I mentioned two epilogues, and indeed HTTM 2 has one that just about encapsulates the film's shortcomings, and presumably closes the book on the franchise as a whole. This doesn't spoil anything about the plot itself - that's all been resolved by this point - but if you want to jump off right here, be my guest.
The credit sequence shows the gang repeatedly going through the time machine to various points in the past, re-writing the history books primarily by inserting themselves. It's about a five-minute montage of them disappearing and reappearing with new stories about where they've been, what they've changed and who they've slept with. Now: I have no idea if this is the case, or when this movie was fully in the can. But this sequence plays like a direct response to the brilliant closing credit sequence of 22 Jump Street. Sometimes comedy can be a game of one-upmanship, and that's certainly how it comes across here.
Problem is, the Hot Tub montage just isn't all that funny. (I mean, it's probably funnier than the rest of the movie, but that's not difficult.) They save Lincoln from being assassinated, they walk on the moon, they become the Beatles. (I don't recall whether or not they spend any time in Germany in the 1930s, but if not, then clearly they've forgotten the widely accepted No. 1 rule of time travel.) But for the most part the jokes are just randomly assembled cultural references, absent the kind of creative approach that could turn those references into something clever or unexpected.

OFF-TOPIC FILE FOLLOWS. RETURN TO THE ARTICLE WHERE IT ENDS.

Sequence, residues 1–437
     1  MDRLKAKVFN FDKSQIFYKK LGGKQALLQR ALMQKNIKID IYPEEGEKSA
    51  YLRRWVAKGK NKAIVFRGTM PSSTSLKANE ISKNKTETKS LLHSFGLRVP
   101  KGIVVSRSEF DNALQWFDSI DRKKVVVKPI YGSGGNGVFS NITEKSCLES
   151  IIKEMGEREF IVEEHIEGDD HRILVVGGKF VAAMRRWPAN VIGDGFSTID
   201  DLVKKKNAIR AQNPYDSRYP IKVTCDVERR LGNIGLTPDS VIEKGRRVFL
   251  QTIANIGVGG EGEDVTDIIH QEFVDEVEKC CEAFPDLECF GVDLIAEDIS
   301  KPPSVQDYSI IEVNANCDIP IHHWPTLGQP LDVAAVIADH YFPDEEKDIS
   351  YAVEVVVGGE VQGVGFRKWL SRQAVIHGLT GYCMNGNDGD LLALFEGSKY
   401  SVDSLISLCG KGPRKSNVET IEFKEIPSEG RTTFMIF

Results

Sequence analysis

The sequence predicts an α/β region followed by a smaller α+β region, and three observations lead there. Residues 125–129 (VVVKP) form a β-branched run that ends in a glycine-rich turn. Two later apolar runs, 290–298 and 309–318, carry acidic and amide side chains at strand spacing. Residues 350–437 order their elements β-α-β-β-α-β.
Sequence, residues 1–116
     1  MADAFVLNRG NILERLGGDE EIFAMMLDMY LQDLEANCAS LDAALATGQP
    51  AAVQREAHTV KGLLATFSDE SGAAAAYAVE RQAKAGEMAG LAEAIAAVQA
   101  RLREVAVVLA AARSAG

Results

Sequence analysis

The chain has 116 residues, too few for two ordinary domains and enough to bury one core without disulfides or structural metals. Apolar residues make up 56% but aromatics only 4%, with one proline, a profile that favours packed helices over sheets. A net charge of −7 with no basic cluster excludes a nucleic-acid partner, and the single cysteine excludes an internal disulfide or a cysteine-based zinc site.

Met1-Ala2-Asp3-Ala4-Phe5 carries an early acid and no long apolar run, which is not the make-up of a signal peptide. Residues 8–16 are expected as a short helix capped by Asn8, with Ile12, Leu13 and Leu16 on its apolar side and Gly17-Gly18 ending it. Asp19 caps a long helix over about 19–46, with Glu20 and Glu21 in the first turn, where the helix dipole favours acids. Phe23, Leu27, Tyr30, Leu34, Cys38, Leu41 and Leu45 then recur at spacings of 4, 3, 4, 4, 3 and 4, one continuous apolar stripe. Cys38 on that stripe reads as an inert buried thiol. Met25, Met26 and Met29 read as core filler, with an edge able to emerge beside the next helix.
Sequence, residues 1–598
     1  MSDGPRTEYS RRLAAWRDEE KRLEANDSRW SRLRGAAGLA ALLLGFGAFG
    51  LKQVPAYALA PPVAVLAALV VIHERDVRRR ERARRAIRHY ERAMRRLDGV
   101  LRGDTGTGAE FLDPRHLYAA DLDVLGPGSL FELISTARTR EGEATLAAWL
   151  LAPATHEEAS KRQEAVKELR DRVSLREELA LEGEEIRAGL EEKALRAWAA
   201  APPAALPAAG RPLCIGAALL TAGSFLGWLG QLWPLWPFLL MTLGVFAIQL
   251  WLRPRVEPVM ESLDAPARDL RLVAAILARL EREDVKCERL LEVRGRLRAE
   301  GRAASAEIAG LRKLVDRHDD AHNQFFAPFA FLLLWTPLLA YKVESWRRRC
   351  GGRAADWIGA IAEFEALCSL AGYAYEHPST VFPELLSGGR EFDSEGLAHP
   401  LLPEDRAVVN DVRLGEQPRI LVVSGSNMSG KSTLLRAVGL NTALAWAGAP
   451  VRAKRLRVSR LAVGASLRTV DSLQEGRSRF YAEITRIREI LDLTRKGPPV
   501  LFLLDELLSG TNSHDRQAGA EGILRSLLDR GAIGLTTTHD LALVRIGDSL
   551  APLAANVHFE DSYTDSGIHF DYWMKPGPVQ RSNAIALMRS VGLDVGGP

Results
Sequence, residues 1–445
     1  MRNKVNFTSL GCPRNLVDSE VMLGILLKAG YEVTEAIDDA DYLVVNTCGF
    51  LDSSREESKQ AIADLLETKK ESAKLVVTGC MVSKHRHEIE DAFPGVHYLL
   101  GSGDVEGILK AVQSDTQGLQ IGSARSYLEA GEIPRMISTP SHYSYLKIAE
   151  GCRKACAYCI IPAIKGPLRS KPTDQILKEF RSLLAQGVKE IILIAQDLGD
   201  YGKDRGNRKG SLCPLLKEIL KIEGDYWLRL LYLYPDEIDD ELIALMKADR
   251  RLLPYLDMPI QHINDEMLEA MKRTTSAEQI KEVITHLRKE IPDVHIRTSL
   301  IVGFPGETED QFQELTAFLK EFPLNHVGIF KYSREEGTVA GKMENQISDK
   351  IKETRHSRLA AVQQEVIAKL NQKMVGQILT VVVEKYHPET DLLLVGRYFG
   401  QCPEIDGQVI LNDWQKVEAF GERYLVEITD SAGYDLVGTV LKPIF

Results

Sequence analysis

And that's the difference between Jump Street's Phil Lord and Chris Miller and Hot Tub's Steve Pink and Josh Heald. Whereas the former two take ostensibly dumb ideas and turn them upside down and inside out, the latter pair have fundamentally similar ambitions but none of the same prodigious imagination. They may have been able to kinda get away with that once, with the original Hot Tub Time Machine having gotten by almost entirely on its out-there concept and the talent of its cast (even though the material itself wasn't very good). But this one has all the characteristics of a bad sequel - repeated callbacks to the previous film's jokes, conspicuously missing cast members and an overall sense that everyone is begrudgingly going through the motions. The film may not have a DeLorean as its time-travel method, but that doesn't keep it from spinning its wheels.